Three shots will come to be viewed as the necessary requirement to be fully vaccinated against Covid-19, Dr Anthony Fauci has told The Telegraph.
The comments by America's top infectious diseases expert represented backing for the UK's decision to start rolling out booster shots to over-50s.
It came as the US Food and Drug Administration's advisory panel, in a shock move on Friday night, rejected a plan to offer Pfizer booster shots to Americans over the age of 16. They later voted in favour of authorising boosters of Pfizer's coronavirus vaccine for everyone aged 65 and over.
In an interview with The Telegraph, Fauci said: "I believe, when all's said and done, it's going to turn out that the proper regimen, at least for an mRNA vaccine [like Pfizer], is the two original doses, the prime followed in three-to-four weeks by a boost, but also followed several months later by a third shot.
"So I think that ultimately, when we look back on this, it's going to be that the proper regimen, to have a complete and full regimen, will be a third shot boost."
He added: "I'm favourably disposed to boosts based on the waning of immunity, as we're seeing very, very clearly as time goes on, in the data in the US [and] even more dramatic data from our Israeli colleagues.
"[There is] some indication of waning in the UK, which is the reason why the UK has, or will soon be, vaccinating people 50 years of age and older, as well as healthcare providers and those who are immuno-compromised."
Fauci said it was not yet clear if children would need a third shot. He said: "We don't know that. I think it's too early to make that determination."
Could babies be next?
As the UK approved 12- to 15-year-olds to have a single shot of the Pfizer vaccine, Fauci also detailed how he believed children as young as 5 in the US would be getting vaccinated by late autumn.
He said the vaccination of children aged between 6 months and 5 years would happen "likely some time after".
Fauci acknowledged that giving a Covid-19 vaccine to children "at that younger age is not uniformly agreed upon around the world". But he said: "We are planning, and are doing, the clinical studies right now to extend the vaccination.
"The data we are collecting on the children in the clinical trial, from 11 to five, will likely be available for evaluation by our regulatory authorities by mid-fall, I would say some time around October, November.
"So, it looks like we will be vaccinating children before the end of the year down to five-years-old, if our regulatory authorities give us the go-ahead."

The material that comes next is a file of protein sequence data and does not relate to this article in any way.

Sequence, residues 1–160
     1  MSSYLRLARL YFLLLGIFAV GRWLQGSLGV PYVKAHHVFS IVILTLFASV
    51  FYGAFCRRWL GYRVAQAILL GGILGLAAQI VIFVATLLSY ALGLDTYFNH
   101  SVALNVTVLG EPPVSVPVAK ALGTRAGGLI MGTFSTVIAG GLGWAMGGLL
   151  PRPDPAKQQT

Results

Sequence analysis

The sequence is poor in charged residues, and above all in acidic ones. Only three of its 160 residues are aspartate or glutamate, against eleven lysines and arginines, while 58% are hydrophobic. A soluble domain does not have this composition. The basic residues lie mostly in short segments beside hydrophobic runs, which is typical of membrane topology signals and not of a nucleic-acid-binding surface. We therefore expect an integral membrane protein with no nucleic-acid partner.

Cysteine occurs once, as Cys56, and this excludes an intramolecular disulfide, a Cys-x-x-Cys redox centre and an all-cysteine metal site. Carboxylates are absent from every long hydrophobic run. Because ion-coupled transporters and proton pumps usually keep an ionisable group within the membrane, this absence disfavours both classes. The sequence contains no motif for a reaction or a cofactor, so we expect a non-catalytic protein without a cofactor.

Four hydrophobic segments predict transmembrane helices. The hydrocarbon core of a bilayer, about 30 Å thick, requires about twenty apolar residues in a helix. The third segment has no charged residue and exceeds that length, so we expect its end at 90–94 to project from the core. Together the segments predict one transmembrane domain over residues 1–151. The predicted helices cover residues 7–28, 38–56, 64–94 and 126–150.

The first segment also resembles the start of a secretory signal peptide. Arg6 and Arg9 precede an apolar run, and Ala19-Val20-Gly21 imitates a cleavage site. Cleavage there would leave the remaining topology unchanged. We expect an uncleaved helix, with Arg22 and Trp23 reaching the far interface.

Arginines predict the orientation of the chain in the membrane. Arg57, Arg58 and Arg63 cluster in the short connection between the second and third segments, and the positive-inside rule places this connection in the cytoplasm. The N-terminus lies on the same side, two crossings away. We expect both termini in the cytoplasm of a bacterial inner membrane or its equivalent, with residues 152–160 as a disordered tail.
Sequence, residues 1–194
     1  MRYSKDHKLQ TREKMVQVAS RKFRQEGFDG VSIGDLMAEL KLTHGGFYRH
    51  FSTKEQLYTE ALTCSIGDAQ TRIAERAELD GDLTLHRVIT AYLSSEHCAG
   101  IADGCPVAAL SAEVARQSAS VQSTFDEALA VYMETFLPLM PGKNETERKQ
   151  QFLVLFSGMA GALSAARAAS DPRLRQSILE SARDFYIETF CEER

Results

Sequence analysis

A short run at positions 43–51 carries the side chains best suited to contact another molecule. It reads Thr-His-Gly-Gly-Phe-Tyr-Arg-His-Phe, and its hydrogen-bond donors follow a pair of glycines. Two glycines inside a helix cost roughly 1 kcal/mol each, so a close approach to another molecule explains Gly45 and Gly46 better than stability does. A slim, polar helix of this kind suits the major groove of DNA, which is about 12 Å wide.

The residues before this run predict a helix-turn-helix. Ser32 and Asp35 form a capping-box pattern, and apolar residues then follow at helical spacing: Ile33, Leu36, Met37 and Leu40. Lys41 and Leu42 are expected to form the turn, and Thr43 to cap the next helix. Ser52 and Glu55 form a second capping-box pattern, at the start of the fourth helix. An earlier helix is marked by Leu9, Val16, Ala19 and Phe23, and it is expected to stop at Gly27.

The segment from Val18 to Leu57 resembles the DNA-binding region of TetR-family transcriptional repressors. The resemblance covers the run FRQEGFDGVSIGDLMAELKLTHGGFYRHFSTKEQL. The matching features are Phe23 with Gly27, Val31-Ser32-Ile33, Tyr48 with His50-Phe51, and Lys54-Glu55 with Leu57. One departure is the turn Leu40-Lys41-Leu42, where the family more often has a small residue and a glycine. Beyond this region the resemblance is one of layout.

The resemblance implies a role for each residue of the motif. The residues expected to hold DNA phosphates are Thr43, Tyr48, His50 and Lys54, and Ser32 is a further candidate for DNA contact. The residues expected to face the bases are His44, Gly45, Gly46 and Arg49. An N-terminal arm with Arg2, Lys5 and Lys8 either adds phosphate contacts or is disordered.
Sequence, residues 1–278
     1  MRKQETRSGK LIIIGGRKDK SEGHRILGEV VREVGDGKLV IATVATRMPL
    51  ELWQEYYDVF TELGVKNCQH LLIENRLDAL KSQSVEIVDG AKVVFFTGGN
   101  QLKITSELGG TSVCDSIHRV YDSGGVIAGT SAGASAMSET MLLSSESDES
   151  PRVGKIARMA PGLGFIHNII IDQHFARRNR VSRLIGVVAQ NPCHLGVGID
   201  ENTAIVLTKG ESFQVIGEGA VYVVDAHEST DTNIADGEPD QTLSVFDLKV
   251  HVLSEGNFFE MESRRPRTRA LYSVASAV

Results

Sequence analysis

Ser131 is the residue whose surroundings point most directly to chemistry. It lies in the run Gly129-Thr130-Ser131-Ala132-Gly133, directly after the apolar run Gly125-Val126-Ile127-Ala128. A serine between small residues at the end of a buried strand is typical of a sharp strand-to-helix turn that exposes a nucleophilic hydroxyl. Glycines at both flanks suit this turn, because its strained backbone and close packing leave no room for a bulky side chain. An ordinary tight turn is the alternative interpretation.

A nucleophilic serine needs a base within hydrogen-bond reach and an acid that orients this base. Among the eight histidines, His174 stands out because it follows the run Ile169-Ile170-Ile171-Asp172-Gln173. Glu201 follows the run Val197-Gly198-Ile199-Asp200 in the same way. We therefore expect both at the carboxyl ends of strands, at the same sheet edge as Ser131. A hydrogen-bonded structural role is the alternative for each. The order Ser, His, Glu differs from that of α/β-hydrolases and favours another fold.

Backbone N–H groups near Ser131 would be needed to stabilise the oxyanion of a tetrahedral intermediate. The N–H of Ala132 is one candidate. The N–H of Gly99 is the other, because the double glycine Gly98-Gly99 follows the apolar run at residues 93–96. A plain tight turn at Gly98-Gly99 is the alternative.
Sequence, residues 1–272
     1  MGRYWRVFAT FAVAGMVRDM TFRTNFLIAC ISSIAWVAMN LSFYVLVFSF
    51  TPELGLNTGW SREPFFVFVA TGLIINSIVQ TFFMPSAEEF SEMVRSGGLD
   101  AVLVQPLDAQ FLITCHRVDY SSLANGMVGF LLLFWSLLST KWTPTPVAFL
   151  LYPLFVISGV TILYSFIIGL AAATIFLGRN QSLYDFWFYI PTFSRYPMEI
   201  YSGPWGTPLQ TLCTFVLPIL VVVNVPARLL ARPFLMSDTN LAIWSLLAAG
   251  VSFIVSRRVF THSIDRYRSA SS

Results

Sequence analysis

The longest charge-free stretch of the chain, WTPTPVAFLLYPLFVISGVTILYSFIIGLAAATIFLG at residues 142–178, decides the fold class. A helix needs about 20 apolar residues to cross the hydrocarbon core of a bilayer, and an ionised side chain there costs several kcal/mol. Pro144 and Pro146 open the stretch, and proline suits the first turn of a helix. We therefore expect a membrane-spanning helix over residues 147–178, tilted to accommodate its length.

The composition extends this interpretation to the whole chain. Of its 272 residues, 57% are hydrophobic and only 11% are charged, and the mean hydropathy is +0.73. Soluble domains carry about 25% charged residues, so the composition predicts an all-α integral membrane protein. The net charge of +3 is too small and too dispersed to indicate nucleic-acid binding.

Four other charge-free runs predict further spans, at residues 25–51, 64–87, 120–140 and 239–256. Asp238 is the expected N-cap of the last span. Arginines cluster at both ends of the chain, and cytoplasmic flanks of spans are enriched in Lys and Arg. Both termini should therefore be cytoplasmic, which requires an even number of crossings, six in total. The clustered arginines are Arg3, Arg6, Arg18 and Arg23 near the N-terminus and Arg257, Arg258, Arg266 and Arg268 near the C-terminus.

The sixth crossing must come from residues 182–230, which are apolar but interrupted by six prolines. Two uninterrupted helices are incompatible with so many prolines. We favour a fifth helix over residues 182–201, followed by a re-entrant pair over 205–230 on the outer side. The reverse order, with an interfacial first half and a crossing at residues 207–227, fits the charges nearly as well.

Fauci said concerns about health impacts on children were "the reasons we do clinical trials".
The main concern with the Covid-19 vaccine has been myocarditis. But he said that was generally seen in children over 12 and into young adulthood.
He said: "Although we don't expect in the very younger children that we're going to see it, we're still going to do the studies for safety.
"My feeling is this, if we can establish the safety element of it, and the risk benefit ratio weighs heavily on the benefit, I certainly would be in favour of it.
"But I want to reserve my opinion until we see the data, and the regulatory authorities examine the data carefully."
Fauci supported masks mandates in schools saying, firstly, children should be "surrounded with people who are vaccinated".
He said: "But that doesn't necessarily seem to be enough so, superimposed upon all that, what we've done in the US is strongly recommend there be mask mandates."
Fauci said mandating vaccines for children was also a "subject of considerable controversy and concern and is still being discussed. There has been no decision on it."
But he said: "You know, mandating vaccines for kids in schools is not a new phenomenon. We do that all the time with other vaccines, for example measles, mumps, rubella, hepatitis, polio.
"So, the idea of mandating vaccines for children in schools is not unique to Covid-19. It depends on the risk to children.
'We're in the middle of a devastating outbreak. We've had 650,000 deaths in the United States, and we're still having about 120,000 new infections a day. We're in the middle of a very serious situation here in the United States."